Headline Analyzers – Are They Worth It

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More and more businesses are writing for themselves rather than outsourcing it to writing companies. If you’re a business owner who is writing a blog, then you probably don’t have the same experience and skills as a professional writer.

Some insightful entrepreneurs noticed this and have created a huge range of writing tools which are designed to allow anyone and everyone to have a robot editor. Tools like Grammarly will correct your grammar, suggest alternative words and show you how to write better. Similarly, headline analyzers will prompt you to make an improvement to your headlines.

What are Headline Analyzers?

Headline analyzers are simple tools which review the title or headline to your article. All you need to do is copy and paste your title into the tool, and it will run it through the program to make suggestions to how you could improve the headline.

How Do They Work?

There are two popular tools to consider, and they work in similar but different ways; Co-Schedules Headline Analyzer and the Advanced Marketing Institutes Emotional Marketing Value Headline Analyzer, perhaps they should have used their tool on their tool name.

The AM EMV tool was the first headline analyzer that was popularized and is the basis for the vast majority of other tools in the industry.

It’s based upon studies from the 60’s and 70’s that suggested certain words had an emotional response, not because of the definition of the word but because of the way it sounded. The caused marketing agencies across the world to rush to throw emotional words into all of their campaigns.

The AM EMV tool works by cross referencing your headline against a huge list of EMV words to score the headline as a percentage, i.e. the percentage of words in your title that have emotional marketing value.

Of course, this is a relatively basic tool and doesn’t take into consideration any other factors that might influence the CTR. Not only that, but there is also an argument over whether these words even have a real influence on people.

Similarly, they were never tested on people reading on a screen, particularly not on a search engine results page. It wouldn’t be unreasonable to believe that this might have a significant impact on the benefit of these EMV phrases and words.

The most popular headline analyzing tool is Co-Schedules Headline Analyzer, and it’s based on the AM EMW tool. However, they’ve also factored in tens of other factors that make a great headline.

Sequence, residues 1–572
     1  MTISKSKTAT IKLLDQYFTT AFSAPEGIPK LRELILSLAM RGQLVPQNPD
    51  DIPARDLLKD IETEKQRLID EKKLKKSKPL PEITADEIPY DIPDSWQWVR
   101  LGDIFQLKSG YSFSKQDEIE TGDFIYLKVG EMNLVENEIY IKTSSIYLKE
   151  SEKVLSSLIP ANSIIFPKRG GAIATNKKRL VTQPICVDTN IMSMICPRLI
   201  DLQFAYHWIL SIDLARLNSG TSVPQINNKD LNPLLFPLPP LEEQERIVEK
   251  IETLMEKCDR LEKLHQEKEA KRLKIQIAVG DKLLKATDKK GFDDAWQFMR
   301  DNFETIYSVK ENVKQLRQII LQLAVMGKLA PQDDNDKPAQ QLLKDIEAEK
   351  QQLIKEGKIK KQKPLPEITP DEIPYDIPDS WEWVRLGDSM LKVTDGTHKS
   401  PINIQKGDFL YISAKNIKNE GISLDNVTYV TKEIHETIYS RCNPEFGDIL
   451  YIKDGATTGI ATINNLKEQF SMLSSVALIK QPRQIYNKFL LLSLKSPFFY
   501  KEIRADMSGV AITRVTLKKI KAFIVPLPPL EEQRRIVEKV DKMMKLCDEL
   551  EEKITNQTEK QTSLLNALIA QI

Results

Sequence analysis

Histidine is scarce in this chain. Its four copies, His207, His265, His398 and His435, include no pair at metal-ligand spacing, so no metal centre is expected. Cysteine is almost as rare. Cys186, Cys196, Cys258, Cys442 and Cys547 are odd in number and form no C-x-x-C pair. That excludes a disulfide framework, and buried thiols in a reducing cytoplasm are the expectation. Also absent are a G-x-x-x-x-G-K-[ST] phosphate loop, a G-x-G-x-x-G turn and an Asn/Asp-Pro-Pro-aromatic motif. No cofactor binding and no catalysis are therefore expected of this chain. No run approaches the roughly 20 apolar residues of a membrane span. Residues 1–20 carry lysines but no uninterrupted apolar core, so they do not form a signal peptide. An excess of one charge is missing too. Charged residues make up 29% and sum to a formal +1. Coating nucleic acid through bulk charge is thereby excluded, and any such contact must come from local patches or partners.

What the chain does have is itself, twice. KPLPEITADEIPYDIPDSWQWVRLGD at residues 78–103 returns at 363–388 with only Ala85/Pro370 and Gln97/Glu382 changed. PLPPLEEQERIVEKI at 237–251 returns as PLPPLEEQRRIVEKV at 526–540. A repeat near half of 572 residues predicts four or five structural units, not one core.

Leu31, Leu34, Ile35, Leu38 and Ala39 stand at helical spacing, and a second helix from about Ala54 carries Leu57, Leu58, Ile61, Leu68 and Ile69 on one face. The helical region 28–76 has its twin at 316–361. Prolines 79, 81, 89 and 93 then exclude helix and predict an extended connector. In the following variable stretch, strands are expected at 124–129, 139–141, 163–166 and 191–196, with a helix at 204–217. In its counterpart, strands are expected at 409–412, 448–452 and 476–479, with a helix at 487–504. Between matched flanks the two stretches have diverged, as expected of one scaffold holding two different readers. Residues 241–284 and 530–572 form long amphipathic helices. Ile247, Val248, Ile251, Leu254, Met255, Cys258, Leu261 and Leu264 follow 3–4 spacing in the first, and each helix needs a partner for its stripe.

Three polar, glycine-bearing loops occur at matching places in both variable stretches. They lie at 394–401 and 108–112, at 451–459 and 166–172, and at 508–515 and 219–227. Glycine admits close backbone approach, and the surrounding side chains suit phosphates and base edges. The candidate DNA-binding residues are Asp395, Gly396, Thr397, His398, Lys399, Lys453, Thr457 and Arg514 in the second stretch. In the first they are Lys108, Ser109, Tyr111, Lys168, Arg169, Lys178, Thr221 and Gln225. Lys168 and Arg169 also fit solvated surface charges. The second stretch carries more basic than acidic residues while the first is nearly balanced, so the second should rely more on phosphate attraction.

For example; they crunched tens of thousands of lines of data and realized that having numbers in your headline has a significant impact on the CTR.

With all these extra factors the Co-Schedule Headline Analyzer can give you a lot more information and recommendations that the AM EMV tool. Essentially, it’s made the AM EMV tool completely useless.

Do They Add Value?

So, if the Co-Schedule tool is the most useful, how much value does it add and should you use it?

A study by Portent looked at the score that Co-Schedule gave for their headlines and compared it to the number of visits that each post had.

What they found was that there was almost no statistically significant correlation between the Co-Schedule score of a headline and the number of visitors that the post received.

That seems like damning evidence, but it’s not the best test. The only test which would put this argument to rest would be to split-test headlines in the Google SERP’s. Unfortunately, that’s near enough impossible to do because you can’t keep the other results constant.

Other reviews and research have come to a similar conclusion; there seems to be little to no difference in traffic to a page when testing two headlines, one with a low score and another with a high score.

It’s likely the case that the split second decisions we make on which links to click are based upon a huge range of factors and the headline text is just one of those.

This isn’t to say that the headline doesn’t make any difference, just that it’s difficult for a tool to predict what headline will perform better.

Of course, Co-Schedule has used thousands of data points to conclude that certain factors in a headline make it more clickable and shareable, but this will change from industry to industry.

Conclusion

The only conclusion we can come to is that using a headline tool isn’t going to have a negative impact and it might have a small positive impact.

If you’re struggling to come up with an imaginative headline then using these types of tools can give you inspiration and help you to refine your existing title.

However, if your gut tells you that your current headline is perfect, don’t be afraid to ignore the low score that you get from Co-Schedules tool.


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